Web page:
Since the most recent court application by the Women’s Legal Centre (WLC), calling on the President Jacob Zuma to enact the Muslim Marriage Bill into law within in no later than a year, the dispute around how this will impact the Muslim society within the country has intensified.
The application has been postponed to June. In the meantime, WLC has encouraged women to come forward with their stories, to prove to the court that this particular framework is needed.
In an interview with VOC News, WLC attorney, Hoodah Abrahams-Fayker said the women’s rights centre does not sought to discredit Shariah Law but rather seeks to provide a legal framework within the Muslim marriages that can secure the rights of women in situations such as divorce or abuse.
“There is no consequences flowing from the relationship that women had with their husband in cases of divorce. This has implications in terms of inheritance, pensions, maintenance etc,” Abrahams-Fayker explained.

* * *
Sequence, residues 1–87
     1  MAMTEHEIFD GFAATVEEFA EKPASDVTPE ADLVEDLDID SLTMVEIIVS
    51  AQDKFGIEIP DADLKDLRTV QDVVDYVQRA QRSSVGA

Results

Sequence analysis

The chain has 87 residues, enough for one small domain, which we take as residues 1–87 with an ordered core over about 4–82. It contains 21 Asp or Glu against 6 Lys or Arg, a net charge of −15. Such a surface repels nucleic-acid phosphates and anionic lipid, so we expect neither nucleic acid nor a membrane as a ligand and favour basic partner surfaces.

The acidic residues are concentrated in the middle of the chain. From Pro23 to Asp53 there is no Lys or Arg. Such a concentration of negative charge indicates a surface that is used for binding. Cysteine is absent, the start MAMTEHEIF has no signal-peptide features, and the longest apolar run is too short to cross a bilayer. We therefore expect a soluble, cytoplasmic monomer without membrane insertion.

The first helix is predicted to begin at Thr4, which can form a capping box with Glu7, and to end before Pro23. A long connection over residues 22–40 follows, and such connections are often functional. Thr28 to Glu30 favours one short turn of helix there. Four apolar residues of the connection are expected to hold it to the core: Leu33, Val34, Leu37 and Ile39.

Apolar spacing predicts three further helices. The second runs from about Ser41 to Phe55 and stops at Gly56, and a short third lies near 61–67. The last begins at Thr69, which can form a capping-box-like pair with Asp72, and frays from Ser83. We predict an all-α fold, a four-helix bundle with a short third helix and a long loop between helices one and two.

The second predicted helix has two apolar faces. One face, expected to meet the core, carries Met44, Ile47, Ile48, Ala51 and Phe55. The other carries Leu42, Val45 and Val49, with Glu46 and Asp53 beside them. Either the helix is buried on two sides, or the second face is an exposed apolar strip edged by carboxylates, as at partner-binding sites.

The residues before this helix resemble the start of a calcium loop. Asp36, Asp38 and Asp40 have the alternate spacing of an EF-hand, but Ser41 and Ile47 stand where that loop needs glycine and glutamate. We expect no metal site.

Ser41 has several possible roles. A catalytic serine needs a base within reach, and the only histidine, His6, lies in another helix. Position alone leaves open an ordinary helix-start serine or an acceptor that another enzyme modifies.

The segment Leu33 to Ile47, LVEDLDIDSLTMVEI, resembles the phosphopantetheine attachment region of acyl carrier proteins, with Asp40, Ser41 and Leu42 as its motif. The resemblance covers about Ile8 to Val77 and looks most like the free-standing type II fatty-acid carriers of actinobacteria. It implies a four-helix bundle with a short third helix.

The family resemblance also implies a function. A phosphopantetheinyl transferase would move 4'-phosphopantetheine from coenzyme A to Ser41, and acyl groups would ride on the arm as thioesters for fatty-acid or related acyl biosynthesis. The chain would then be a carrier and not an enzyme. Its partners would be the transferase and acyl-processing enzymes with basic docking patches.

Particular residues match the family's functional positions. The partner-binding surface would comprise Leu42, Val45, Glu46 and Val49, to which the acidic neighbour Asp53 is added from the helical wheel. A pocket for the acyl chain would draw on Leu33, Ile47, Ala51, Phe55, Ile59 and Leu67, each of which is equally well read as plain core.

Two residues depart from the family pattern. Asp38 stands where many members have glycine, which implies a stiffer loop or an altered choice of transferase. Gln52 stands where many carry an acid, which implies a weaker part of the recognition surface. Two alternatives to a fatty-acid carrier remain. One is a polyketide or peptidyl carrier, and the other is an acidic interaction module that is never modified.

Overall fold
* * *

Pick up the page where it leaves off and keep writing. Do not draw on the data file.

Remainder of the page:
“The fact that women can now register their marriage is not a new option, the marriage act has always made provision for this. However, in the past, Islamic clergy identified that this particular registration was only allowed for one women and one man and in Islam, men are allowed more than one wife. So they [Islamic clergy] had made a conscious decision to not register the marriages.”
Abrahams-Fayker explained that the centre does not want to get involved with religious law but from a constitutional point of view, women should have the right to marry legally and in terms of their religion.
“That is what we are arguing for,” Abrahams-Fayker said.
In addition to this, the WLC believes the content of the bill needs to be aligned with the constitution but also identifys the requirements of Muslim personal law, which is ultimately the decision of the legislature through input of interested parties. VOC (Ra’eesah Isaacs)